1.  Oil and the Global Economy
2.  The Middle East & North Africa
3.  China
4.  Mexico
5. China
6.  Quote of the Week
7.  The Briefs

1.  Oil and the Global Economy

New York oil prices topped out on Wednesday last week at just below $99 a barrel which was up nearly $7 a barrel since late November. When the weekly US stocks report showed an 11 million barrel buildup in US oil product stocks and weaker domestic oil product demand, prices began to fall.  Total US petroleum consumption now has dropped 7.1 percent since mid-October – likely due to the various cutbacks in federal spending which took place this fall.  On Friday NY oil futures fell 90 cents to close out at  $96.60 on fears that the Federal Reserve meeting this week will cut back on bond buying thereby forcing up the dollar and reducing foreign demand for oil.

In London oil futures fell steadily last week, down about $4 from early December on hopes that oil shipments from Eastern Libya would be resumed soon.

The EIA reported that US crude production climbed a bit last week to 8.08 million b/d; however, the spectacular rate at which US crude production has been increasing during the last three years seems to be easing. Newly released data from North Dakota shows that increases in crude production, mainly from the Bakken fields, was up by only 8,500 b/d in October. This contrasts with increases of 51,000 b/d in July; 37,000 b/d in August; and 20,000 b/d in September. Bad weather across the northern plains this winter is likely to hamper production increases still further.

North Dakota completed 202 new oil wells in October while production was up less than 1 percent. This suggests that we may be nearing the day when it will take all the new wells that North Dakota can add each month simply to maintain its circa 1 million b/d rate of production.  There are other indications that the era of rapidly increasing tight oil production may be coming to an end. The number of wells that have been drilled and are awaiting fracking has fallen from 1000 last December to 460 at the end of October. The length of new wells and the amount of fracking taking place is on the rise suggesting that best drilling sites are being rapidly used up. North Dakota also reported that Bakken oil, which is very light and must be shipped to refineries by relatively expensive rail cars, is selling for about $20 a barrel less than West Texas Intermediate. This suggests that profits from drilling in Bakken may be falling.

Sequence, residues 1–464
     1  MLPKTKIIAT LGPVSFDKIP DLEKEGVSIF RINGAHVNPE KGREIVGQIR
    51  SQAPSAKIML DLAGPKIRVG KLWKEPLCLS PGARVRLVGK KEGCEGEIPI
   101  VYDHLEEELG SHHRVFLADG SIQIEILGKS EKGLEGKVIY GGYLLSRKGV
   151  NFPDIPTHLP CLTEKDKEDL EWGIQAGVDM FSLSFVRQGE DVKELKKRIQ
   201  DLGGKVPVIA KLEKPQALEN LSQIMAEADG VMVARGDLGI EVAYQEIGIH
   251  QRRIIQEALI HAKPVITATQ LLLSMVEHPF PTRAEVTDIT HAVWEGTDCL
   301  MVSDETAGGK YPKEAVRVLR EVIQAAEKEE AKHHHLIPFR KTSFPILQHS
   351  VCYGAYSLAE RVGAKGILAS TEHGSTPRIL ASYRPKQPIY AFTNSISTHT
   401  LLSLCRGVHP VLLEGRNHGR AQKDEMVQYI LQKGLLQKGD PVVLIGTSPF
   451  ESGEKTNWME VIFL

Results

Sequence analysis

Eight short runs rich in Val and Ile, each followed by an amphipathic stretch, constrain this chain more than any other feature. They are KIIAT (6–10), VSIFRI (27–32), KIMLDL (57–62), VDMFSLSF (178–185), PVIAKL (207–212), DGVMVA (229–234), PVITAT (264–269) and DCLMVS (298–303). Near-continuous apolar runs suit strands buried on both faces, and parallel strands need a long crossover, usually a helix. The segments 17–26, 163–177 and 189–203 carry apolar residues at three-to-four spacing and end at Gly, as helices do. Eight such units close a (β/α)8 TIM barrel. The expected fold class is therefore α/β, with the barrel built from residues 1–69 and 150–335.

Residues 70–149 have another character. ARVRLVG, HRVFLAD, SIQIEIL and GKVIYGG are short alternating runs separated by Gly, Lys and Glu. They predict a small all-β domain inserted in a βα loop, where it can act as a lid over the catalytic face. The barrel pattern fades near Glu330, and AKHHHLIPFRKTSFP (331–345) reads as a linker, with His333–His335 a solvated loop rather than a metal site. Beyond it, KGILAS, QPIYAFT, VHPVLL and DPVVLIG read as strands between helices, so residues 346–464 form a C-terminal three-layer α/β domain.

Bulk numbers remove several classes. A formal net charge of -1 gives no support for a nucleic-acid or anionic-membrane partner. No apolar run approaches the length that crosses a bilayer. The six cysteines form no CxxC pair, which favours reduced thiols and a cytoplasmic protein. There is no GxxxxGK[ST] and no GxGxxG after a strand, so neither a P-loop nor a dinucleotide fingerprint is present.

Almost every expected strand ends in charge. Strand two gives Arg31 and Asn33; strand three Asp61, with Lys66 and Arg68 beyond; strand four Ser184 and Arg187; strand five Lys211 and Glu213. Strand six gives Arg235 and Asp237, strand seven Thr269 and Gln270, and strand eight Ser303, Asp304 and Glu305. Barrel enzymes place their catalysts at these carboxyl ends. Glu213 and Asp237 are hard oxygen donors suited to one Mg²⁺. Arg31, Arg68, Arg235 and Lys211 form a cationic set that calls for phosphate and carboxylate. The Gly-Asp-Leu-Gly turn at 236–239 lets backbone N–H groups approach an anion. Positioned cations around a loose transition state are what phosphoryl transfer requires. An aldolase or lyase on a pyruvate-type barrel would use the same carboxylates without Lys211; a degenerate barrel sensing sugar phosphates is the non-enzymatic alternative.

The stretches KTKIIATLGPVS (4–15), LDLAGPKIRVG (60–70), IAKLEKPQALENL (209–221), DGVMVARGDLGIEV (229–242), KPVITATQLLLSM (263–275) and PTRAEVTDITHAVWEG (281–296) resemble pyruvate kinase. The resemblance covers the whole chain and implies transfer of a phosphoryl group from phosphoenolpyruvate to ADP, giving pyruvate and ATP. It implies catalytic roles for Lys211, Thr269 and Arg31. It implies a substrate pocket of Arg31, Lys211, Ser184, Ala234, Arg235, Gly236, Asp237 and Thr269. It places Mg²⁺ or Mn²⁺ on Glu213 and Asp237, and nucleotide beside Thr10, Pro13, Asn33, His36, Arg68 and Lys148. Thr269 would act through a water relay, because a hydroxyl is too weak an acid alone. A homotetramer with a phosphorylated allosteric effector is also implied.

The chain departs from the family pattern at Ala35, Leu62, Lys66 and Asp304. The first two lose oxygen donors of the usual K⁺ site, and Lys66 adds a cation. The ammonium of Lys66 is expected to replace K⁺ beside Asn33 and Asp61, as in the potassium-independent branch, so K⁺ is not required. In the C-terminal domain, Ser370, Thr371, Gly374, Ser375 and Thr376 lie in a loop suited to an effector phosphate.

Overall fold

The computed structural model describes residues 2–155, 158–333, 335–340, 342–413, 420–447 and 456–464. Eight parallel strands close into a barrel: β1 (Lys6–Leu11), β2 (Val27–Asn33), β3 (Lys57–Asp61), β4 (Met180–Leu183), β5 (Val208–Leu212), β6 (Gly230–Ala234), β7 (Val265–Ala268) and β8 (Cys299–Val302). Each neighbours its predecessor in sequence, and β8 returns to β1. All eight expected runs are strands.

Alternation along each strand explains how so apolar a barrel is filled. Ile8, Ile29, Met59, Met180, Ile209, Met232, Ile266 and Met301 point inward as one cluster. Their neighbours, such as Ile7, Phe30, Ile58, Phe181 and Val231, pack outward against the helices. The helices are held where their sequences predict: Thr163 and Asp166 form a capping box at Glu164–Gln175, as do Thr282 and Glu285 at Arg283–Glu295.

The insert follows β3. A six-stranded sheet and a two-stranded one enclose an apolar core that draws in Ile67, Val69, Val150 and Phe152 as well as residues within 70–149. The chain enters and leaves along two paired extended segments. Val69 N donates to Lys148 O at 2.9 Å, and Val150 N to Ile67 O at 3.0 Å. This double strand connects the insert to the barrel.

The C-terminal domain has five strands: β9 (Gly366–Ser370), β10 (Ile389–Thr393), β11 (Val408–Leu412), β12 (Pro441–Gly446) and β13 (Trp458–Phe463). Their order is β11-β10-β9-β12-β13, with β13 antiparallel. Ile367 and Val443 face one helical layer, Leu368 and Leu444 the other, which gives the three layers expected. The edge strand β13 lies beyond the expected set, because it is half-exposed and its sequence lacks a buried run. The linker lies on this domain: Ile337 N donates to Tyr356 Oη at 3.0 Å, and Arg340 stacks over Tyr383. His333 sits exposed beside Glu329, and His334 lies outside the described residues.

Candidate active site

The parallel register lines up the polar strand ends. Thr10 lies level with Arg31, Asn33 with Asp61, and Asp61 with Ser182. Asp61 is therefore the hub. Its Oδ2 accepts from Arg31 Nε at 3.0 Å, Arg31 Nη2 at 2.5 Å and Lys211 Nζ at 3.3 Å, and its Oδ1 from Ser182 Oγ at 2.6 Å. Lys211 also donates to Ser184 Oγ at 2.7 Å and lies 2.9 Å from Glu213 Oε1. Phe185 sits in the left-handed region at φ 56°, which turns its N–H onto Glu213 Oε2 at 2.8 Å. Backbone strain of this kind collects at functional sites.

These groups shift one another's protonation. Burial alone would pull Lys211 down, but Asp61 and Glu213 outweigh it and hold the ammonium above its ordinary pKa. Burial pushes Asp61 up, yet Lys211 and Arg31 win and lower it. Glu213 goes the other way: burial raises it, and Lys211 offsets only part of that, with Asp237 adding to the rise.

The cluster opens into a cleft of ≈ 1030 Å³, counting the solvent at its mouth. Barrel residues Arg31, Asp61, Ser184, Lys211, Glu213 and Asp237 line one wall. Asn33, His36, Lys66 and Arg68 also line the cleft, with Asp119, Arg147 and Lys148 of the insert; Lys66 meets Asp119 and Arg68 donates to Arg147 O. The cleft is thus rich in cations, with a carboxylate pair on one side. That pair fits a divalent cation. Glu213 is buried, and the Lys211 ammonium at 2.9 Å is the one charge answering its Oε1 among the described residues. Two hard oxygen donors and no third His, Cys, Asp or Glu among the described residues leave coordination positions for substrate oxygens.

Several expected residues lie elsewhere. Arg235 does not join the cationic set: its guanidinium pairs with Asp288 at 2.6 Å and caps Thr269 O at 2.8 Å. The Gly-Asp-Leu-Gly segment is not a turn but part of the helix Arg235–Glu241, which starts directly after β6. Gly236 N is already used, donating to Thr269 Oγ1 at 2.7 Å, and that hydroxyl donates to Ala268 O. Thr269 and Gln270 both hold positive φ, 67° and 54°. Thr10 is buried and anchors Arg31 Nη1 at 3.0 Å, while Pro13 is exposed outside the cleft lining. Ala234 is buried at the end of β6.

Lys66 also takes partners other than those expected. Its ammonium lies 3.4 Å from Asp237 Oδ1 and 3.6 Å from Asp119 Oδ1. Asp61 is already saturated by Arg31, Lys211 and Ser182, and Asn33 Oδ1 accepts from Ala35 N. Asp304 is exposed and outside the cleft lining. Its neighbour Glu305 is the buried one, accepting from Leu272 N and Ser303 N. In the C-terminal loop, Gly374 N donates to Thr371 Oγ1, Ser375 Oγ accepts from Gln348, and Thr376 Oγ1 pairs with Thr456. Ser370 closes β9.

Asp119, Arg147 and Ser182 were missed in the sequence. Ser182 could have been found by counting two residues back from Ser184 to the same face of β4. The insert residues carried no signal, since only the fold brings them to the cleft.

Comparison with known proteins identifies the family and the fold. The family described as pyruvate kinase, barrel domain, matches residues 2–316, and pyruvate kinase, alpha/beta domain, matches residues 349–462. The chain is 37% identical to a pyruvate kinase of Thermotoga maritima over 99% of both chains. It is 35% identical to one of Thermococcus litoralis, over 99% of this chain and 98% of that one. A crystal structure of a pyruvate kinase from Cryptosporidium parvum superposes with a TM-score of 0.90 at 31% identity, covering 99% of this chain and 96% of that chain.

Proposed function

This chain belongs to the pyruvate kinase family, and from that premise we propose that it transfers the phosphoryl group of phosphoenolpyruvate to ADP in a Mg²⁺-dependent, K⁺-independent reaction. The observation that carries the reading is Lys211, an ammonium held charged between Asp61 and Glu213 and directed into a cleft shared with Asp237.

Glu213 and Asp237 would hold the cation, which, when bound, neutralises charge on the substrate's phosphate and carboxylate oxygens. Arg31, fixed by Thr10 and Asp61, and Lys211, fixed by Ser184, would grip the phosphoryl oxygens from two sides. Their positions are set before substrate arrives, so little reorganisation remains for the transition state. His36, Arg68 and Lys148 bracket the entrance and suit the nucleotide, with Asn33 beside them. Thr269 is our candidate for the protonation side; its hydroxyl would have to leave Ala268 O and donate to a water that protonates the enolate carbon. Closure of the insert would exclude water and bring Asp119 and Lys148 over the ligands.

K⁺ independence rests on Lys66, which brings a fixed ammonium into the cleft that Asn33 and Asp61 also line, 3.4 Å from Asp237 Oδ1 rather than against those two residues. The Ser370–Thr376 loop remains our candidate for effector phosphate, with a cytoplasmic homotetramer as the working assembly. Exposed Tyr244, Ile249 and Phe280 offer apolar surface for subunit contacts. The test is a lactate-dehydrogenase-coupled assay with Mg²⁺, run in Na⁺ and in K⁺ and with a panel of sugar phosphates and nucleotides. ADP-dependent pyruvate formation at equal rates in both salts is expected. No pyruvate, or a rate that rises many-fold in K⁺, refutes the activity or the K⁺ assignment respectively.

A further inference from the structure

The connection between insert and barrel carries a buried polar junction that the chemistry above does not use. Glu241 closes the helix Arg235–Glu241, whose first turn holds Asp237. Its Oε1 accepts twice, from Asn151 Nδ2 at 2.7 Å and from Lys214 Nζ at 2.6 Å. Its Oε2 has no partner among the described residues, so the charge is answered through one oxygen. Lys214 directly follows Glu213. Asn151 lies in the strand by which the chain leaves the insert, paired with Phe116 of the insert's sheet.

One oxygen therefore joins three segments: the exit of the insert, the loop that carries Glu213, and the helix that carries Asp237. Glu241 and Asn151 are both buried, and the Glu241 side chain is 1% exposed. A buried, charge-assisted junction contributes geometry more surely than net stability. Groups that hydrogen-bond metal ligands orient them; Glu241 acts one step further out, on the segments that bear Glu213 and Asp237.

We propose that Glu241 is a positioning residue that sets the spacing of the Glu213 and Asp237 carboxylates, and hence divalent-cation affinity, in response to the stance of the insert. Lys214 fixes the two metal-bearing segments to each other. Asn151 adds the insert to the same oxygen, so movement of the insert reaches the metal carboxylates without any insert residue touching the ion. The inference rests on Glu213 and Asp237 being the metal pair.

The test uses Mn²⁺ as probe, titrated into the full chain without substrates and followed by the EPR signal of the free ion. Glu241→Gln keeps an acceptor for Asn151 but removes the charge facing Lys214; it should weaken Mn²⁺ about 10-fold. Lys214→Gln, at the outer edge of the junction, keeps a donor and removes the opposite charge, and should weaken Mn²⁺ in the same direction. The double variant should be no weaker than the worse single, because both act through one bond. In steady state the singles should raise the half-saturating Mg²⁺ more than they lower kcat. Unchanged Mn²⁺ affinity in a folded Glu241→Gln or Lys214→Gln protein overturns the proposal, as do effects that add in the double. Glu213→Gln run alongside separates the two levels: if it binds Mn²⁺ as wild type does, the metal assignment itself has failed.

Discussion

2.  The Middle East & North Africa

Iran: Tehran’s delegation walked out of the technical talks on its nuclear programs last week to protest a new US blacklist of firms doing business with Iran. On Sunday, however, Iran’s Foreign Minister said his country would continue the negotiations despite the “unsuitable actions.” Iran’s immediate future is intimately linked with the ending of the sanctions, so political posturing that would slow negotiations is likely to be short-lived.

Iran cancelled its planned $500 million dollar loan to help finance the Pakistani leg of the Iran-Pakistan gas pipeline. Tehran noted that Pakistan has made no efforts to start construction on its part of the pipeline that is supposed to be completed by the end of 2014. The Iranians also noted that the sanctions had prevented it from accumulating hard currency for the project.

Tehran’s new natural gas pipeline to Iraq, which is already well under way, suffered a setback when masked terrorists, likely from Al Qaeda, showed up at a pipeline construction site and slaughtered some 18-25 construction workers and engineers, mostly Iranians, digging the trench. Tehran maintains the attack will not slow the project, but has called for the Iraqi Army to guard construction sites. The general lack of security in the region raise doubts that such a tempting target, which enhances the fortunes of the Shiite government in Baghdad, will ever deliver much natural gas.